During a formal assessment in a private dwelling conducted without a warrant under s135(1) of the Mental Health Act, the police have NO powers to use force until the AMHP has ‘sectioned’ the patient or unless a criminal offence is attempted or a breach of the peace apprehended. <<< This is what I refer to as ‘the legal caveat’ which will be mentioned below:
‘RAVE risks‘ is term I use below and it means a risk of one or more from this list: Resistance, Aggression, Violence or Escape.
If you are a duty sergeant or frontline cop asked to attend an assessment in a private premises, it is important that you do not just attend and do as you are told, but think about the reasons to be there, risks to be faced; and the resources required to conduct and control the assessment.
Think about it in light of the ‘legal caveat’ above – “No powers to use force until …” Additionally, you should remember that there are Health & Safety as well as Human Rights obligations upon the attending professionals.
Is there a warrant?
- Does the AMHP already have a warrant under s135(1) at the point of requesting police support?
- YES – and so you must attend the assessment because only the police can execute the warrant.
- You should request the AMHP to provide relevant risk information which allows a proper determination of police resources, do your own background and intelligence searches on PNC etc.; then muster your officers, stop reading this and crack on.
If there is no warrant:
- Ask whether there is there a risk of a ‘RAVE’ once inside the target premises?
- NO – you are not actually obligated to attend the assessment, because the AMHP has authority to enter the premises and to assess, detain and convey to hospital if admitted.
- If there no more risks than an AMHPs ‘normal business’, for what purpose are the police required?
- That said, nothing prevents Chief Constables or officers deciding to help out, as long as they are aware they are not obligated and managing the potential to stigmatise the patient.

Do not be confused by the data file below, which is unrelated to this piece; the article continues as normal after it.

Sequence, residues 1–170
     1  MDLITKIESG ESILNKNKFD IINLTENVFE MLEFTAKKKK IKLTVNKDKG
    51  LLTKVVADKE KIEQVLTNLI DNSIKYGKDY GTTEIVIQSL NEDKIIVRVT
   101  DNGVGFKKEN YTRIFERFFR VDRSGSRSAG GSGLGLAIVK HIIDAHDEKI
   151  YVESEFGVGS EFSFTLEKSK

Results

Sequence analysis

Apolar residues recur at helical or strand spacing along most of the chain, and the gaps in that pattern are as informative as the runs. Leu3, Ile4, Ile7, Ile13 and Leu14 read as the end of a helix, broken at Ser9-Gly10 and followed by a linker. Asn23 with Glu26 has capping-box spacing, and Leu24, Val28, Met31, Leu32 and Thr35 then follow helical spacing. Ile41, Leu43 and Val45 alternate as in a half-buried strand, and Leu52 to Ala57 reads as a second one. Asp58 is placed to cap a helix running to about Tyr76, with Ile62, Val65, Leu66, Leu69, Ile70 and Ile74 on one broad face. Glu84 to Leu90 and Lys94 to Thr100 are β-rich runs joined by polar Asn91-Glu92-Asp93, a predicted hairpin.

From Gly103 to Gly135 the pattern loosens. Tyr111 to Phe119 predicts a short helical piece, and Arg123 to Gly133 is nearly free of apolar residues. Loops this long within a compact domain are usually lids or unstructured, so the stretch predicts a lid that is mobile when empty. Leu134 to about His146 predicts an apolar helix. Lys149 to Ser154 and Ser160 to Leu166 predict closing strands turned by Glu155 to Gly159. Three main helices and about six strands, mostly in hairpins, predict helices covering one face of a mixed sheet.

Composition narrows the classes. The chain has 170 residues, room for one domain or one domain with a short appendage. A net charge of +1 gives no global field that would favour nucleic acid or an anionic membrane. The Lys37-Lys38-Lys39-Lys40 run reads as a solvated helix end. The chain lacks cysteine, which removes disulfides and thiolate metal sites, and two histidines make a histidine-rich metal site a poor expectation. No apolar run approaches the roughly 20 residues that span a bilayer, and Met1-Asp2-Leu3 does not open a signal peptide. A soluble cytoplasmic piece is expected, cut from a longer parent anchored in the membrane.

- Service users often remark about inappropriate reliance upon and involvement of the police.
- If you wish to agree to do so, then request the relevant information / intelligence checks, get resources and crack on.
- YES – Is the RAVE risk from the patient to be assessed?
- NO – it may be possible to obtain a warrant but it is almost certainly not necessary because you and the AMHP have legal powers to achieve a safe assessment.
- Do your information and intelligence checks, risk assess it to determine appropriate resources, read section 115 & section 129 MHA in light of s3 Criminal Law Act and crack on.
- Ensure that the AMHP is aware of ‘the legal caveat’ and that until an offence or a breach of the peace is anticipated, it is their assessment to control and lead.
- YES – you should ask the AMHP to secure a warrant under s135(1) on the grounds that the criteria for getting this warrant appear to be met and the existence of a warrant would significantly assist the police to safely, proactively mitigate those risks which the AMHP themselves identifies as likely.
- Document the response to this request and if it is obtained, refer to ‘Is there a warrant‘, above.
- If it is not obtained, refer to the bullet points in ‘If there is no warrant‘ above.
Why are the grounds met?
I have blogged previously about the grounds for getting a warrant, the powers it affords to the police and the things which the police cannot prevent in a private dwelling if there is no warrant.
Where an AMHP is telling you that a person will be resistant, aggressive or violent in the face of a conversation with professionals or will just leave the premises or seek to escape, it would be fair to describe the person as “being kept otherwise than under proper control.” I hate this terminology, if I’m honest. It is appallingly outdated, offensive, patronising etc., but it is currently the language of the Mental Health Act. Moreover, if such reactions are likely from patients because they have not been taking prescribed medication or adequately caring for themselves, they will be able to be described as “neglected” even if that is self-neglect.
As such, grounds for applying for the warrant are met. Suggestions that warrants cannot be obtained if access to the premises is already possible should be rejected as inaccurate in my view. Reasons why are in that previous blog post.
Not all AMHPs will agree with the above – this is fine. We are allowed to have our opinion and this position is based upon NPIA Guidance endorsed by the Department of Health.